The waters where Olympians will compete in swimming and boating events next summer in South America's first games are rife with human sewage and present a serious health risk for athletes, as well as for visitors to the iconic beaches of Rio de Janeiro.
An Associated Press investigation found dangerously high levels of viruses and bacteria from sewage in venues where athletes will compete in the 2016 Olympic and Paralympic water sports.
In the first independent comprehensive testing for both viruses and bacteria at the Olympic sites, the AP conducted four rounds of tests starting in March. The results have alarmed international experts and dismayed competitors training in Rio, some of whom have already have fallen ill with fevers, vomiting and diarrhea.
The American dentist who shot a lion during what officials allege was an illegal trophy-hunt in Zimbabwe, has apologized — but only for the disruption caused to his dental patients, NBC News reported.
Life-long hunter Walter James Palmer received a barrage of condemnation for killing Cecil, who was popular with tourists and was tagged by researchers in 2008 as part of a study at the U.K.'s Oxford University. Protests forced Palmer to shut his Minnesota dental practice doors and disappear from public view.
In a letter sent to his patients Palmer said: "I apologize profoundly for this inconvenience and promise you that we will do our best to resume normal operations as soon as possible."
Zimbabwe wildlife officials allege Palmer paid $50,000 to guides who used meat to lure the animal out of a protected wildlife reserve. He then shot and injured the lion with a bow, before tracking it for 40 hours and killing it with a gun, according to officials.
Wilmer Flores wiped away tears as he warmed up at shortstop for the eighth inning, thinking he was being traded from the organization he joined as a teenager.
Presidential contender Donald Trump arrived at his Turnberry golf resort in western Scotland on Thursday for the first day of the Women's British Open, and was grilled about his provocative remarks on immigration in the U.S. by a combative pack of British reporters, NBC News reported.
Trump, wearing a red hat emblazoned with his campaign slogan "Make America Great Again," was asked if he represented the Hispanic population of America.
"A poll came out two days ago where I am number one with the Hispanics," Trump said. "I know you are surprised to hear that. But I am number one with the Hispanics. And I said that if I get the nomination I will win with the Hispanics."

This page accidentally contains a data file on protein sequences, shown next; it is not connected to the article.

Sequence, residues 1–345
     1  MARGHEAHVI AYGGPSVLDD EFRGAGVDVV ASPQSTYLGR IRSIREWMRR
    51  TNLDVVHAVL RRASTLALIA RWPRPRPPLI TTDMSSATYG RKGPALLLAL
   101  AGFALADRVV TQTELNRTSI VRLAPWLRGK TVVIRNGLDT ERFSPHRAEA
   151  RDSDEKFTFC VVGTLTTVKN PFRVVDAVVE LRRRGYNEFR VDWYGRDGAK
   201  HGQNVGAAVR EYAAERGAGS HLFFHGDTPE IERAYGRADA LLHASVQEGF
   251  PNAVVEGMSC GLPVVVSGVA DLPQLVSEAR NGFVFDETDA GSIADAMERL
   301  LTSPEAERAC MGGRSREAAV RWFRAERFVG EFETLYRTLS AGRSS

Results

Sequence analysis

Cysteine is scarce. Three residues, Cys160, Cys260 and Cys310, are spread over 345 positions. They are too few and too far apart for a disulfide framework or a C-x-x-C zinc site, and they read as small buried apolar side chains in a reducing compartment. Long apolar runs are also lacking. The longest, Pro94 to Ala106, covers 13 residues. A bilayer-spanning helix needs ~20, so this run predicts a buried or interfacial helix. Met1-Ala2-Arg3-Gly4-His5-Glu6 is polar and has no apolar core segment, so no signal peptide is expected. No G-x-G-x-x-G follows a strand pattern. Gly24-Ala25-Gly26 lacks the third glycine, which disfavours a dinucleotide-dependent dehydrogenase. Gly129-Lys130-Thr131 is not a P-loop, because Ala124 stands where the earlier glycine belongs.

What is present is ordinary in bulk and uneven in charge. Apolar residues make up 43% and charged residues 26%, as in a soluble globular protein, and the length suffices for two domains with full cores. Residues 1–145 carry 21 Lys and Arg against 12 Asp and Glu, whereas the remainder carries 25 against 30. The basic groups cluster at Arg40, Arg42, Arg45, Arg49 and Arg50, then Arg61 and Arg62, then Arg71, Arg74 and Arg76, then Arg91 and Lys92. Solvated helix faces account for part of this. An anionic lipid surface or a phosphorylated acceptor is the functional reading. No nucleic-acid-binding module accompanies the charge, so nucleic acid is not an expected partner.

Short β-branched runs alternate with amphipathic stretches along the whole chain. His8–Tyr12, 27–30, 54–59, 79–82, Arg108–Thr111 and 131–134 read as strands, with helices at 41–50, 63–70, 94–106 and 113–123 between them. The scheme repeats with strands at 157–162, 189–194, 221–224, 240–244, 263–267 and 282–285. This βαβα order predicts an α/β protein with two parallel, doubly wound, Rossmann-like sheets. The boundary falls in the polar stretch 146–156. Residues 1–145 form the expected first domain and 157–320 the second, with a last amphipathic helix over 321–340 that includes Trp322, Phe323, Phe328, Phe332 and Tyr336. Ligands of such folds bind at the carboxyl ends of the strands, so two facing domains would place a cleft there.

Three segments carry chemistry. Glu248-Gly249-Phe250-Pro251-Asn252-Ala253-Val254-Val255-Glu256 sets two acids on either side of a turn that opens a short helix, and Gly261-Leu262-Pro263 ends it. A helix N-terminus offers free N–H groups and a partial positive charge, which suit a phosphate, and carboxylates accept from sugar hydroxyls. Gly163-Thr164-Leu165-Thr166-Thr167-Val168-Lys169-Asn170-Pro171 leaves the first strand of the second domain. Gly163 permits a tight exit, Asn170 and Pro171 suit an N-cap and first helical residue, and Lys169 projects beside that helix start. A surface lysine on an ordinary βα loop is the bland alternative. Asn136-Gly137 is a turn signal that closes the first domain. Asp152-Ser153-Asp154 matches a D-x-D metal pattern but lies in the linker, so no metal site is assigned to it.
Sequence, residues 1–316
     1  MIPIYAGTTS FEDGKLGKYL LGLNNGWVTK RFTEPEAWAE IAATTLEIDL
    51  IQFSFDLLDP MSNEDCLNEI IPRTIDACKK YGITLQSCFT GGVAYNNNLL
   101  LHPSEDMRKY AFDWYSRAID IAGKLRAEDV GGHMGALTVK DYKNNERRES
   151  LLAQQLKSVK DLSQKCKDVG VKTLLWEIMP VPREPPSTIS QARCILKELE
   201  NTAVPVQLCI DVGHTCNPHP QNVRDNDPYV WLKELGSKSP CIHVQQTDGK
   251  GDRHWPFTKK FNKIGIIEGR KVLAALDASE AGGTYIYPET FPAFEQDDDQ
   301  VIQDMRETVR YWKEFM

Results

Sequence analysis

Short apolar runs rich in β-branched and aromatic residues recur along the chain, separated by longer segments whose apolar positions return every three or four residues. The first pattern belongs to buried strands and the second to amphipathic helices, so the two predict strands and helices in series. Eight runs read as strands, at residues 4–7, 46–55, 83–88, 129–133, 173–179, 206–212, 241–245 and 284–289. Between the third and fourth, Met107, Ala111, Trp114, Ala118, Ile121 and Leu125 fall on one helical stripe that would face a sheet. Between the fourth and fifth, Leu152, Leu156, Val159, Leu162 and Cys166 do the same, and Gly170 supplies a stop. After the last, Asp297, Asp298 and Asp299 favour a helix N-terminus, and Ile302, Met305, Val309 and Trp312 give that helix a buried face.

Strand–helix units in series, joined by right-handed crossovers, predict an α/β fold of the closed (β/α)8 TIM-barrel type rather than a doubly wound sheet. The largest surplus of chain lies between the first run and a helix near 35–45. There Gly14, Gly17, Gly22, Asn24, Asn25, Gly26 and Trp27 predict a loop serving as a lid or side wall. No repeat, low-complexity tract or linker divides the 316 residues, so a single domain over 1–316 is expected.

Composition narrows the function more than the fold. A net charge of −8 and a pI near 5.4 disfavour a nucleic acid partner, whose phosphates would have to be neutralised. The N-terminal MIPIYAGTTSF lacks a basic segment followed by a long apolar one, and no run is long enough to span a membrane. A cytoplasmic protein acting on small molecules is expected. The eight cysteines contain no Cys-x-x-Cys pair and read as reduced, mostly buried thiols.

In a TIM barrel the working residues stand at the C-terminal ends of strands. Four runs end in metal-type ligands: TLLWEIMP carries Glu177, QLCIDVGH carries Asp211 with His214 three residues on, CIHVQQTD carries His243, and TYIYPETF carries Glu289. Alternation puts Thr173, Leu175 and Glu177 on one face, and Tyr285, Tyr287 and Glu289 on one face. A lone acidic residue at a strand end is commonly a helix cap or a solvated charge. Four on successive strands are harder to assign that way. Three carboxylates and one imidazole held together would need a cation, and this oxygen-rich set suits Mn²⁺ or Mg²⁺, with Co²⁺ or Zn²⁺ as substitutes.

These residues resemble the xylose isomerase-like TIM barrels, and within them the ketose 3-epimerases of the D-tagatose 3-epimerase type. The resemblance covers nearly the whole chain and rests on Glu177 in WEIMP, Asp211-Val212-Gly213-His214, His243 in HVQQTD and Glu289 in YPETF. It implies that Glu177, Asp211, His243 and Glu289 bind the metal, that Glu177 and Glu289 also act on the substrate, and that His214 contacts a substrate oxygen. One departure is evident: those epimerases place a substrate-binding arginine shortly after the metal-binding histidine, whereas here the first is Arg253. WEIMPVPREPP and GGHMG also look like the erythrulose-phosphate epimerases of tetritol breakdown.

The real estate mogul was also asked whether Lizette Salas, the American golfer currently ranked 29th in the world whose parents are Mexican, was "not too pleased you're here?"
He replied: "Don't know who she is."
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NBC Bay Area
With Boston now out of the 2024 Olympics race, Los Angeles is exploring a new bid that could include Bay Area cooperation.
The United States Olympics Committee has reached out to San Francisco’s Olympics bid committee regarding a joint bid with Los Angeles, multiple sources within the San Francisco 2024 Olympic Bid and the USOC told NBC Bay Area.
“Discussions are taking place,” one of the sources said, but "a lot will have to happen in the next six weeks."
Cincinnati officials said a university police officer who shot a driver to death during a traffic stop probably would not have been indicted for murder if it wasn't for the video from a camera worn by the cop.
"We're glad that we did have it," Cincinnati Police Chief Jeffrey Blackwell said on MSNBC on Wednesday.
University of Cincinnati Officer Ray Tensing claimed he was dragged by Samuel Dubose's car during the July 19 stop, officials said. Tensing, 25, said he was "almost run over by the driver of the Honda Accord and was forced to shoot the driver with his duty weapon."
Bodycam video, however, shows the officer approach Dubose's car after pulling him over for missing a front license plate. Tensing asks Dubose, 43, for his license, which the driver says he doesn't have on him.
The stop escalates when Tensing asks him to get out of the car, and a scuffle ensues. Without warning, the officer shoots Dubose in the head while he is still behind the wheel, and the car accelerates down the road.